chloroquine resistance mutation,, which is also associated with
resistance to amodiaquine. These results indicate an emerging multi-
drug resistance problem in P. vivax and P. falciparum malaria
parasites in Pakistan.9
 DATA AVAILABILITY
In 2006 Malaria Disease surveillance program
registered 3.5 million slides prepared and 127,825 confirmed cases
of malaria with Annual Parasite Incidence (API) of 0.8 cases per 1000
populations. 11. However according to another estimate the actual
case load may be 5 times higher since public sector diagnosis
facilities does not cover more than 20-30% of the attending patients
and other 80% which get their treatment from private sector .
Continued ………
Continued……

LACK OF COMMUNITY AWARENESS


Lack of awareness about hygiene and sanitation practices.
Communities are unable to manage these health problems due
to lack of knowledge about the causes of these diseases and
access to appropriate health services. 12,19

INSECTICIDE RESISTANCE
Insecticide resistance (karachi study) pyrethroid ,malathion in
the mosquitoes in pakistan
KEY DETERMINANTS OF MALARIA
PROJECT (TEST PROJECT)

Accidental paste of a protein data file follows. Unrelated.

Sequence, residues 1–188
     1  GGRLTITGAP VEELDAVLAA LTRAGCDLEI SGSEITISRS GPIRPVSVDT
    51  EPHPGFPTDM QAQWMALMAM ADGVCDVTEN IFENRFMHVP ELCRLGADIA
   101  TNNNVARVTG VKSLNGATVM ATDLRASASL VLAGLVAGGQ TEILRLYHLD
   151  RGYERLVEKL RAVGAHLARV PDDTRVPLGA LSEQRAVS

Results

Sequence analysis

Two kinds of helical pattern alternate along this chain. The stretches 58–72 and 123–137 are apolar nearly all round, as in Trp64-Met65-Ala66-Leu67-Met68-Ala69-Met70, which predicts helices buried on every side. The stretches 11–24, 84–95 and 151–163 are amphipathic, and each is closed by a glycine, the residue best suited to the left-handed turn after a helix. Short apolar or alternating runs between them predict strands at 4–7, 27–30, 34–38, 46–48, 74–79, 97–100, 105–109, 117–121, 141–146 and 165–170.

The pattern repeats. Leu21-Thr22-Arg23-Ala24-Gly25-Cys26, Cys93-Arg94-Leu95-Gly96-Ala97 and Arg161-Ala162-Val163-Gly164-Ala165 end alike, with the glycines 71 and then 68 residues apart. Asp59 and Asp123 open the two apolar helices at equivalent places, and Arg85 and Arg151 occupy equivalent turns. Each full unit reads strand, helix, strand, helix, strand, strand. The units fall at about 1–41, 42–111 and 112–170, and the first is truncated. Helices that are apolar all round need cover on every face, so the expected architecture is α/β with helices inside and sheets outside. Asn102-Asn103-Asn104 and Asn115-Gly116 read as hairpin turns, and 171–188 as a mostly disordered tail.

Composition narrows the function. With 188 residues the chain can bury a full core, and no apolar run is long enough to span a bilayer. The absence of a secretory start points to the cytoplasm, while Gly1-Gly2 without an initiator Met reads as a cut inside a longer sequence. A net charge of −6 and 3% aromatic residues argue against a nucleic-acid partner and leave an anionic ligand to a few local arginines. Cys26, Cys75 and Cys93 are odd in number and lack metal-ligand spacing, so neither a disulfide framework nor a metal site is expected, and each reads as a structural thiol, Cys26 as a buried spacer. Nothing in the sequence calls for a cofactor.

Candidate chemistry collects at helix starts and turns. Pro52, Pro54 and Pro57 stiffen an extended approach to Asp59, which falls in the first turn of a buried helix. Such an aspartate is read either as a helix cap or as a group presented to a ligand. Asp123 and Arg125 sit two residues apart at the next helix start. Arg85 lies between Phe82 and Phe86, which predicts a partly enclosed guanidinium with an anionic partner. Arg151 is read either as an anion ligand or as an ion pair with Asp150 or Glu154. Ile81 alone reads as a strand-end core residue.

AIM
ELIMINATION OF MALARIA FROM PAKISTAN .
OBJECTIVE
To decrease the morbidity and mortality
associated with malaria in LORALAI district of
Balochistan
To decrease treatment failure of malaria by
50% in LORALAI in 3 years
LORALAI
EXISTING STRATEGY.
SURVEILLANCE
PARTNERSHIP MULTIPLE
BUILDING PREVENTION

MALARIA
CONTROL
CASE
EPIDEMIC
MANAGEMENT
PREPAREDNESS
OPERATIONAL
BCC
RESEARCH
STRATEGIES
PREVENTIVE CURATIVE

BCC •RDT use promotion


Personal protection •Training of staff
Vector control (microscopists)
Early diagnosis /treatment •Upgrading
infrastructure(equipment)

•Public private partnership


•Coordination of different •Drug policy change
departments(planning,
environment,sanitation & •Registration of drugs by
meteriology) pharmacist
•Use of neo pesticides
•sale on prescription

Malaria surveillance
PRIORITIES
BEHAVIORAL CHANGE COMMUNICATION

WE ARE DETERMINED TO ERADICATE MALARIA


Continued…….
Newspaper & local print media(danger signs)
Wall painting with slogans

Announcements in mosques by religious people.
Weekly based program on FM radio stations/Tv plays (buzz & bite).
2- CURATIVE
Initially after identification of the high risk clusters areas within the district RDT will be given to the BHU.
 Staff will be trained for the use of RDT.
Drug policy change regarding dispensing at private and public sector(registration)
Drug inspectors to check the quality and quantity from the registration registers.
Provision of revised guidelines for malaria control at every BHU(ban on monotherapies)
Continued….

3-Meetings for the Coordination between departments like


Meteriology planning ,environment, agriculture for the sharing
of information and thus helping in future preventive strategy for
malaria.
4-Meetings for the Sharing of data between private and public
sector regarding confirmed cases and drug use.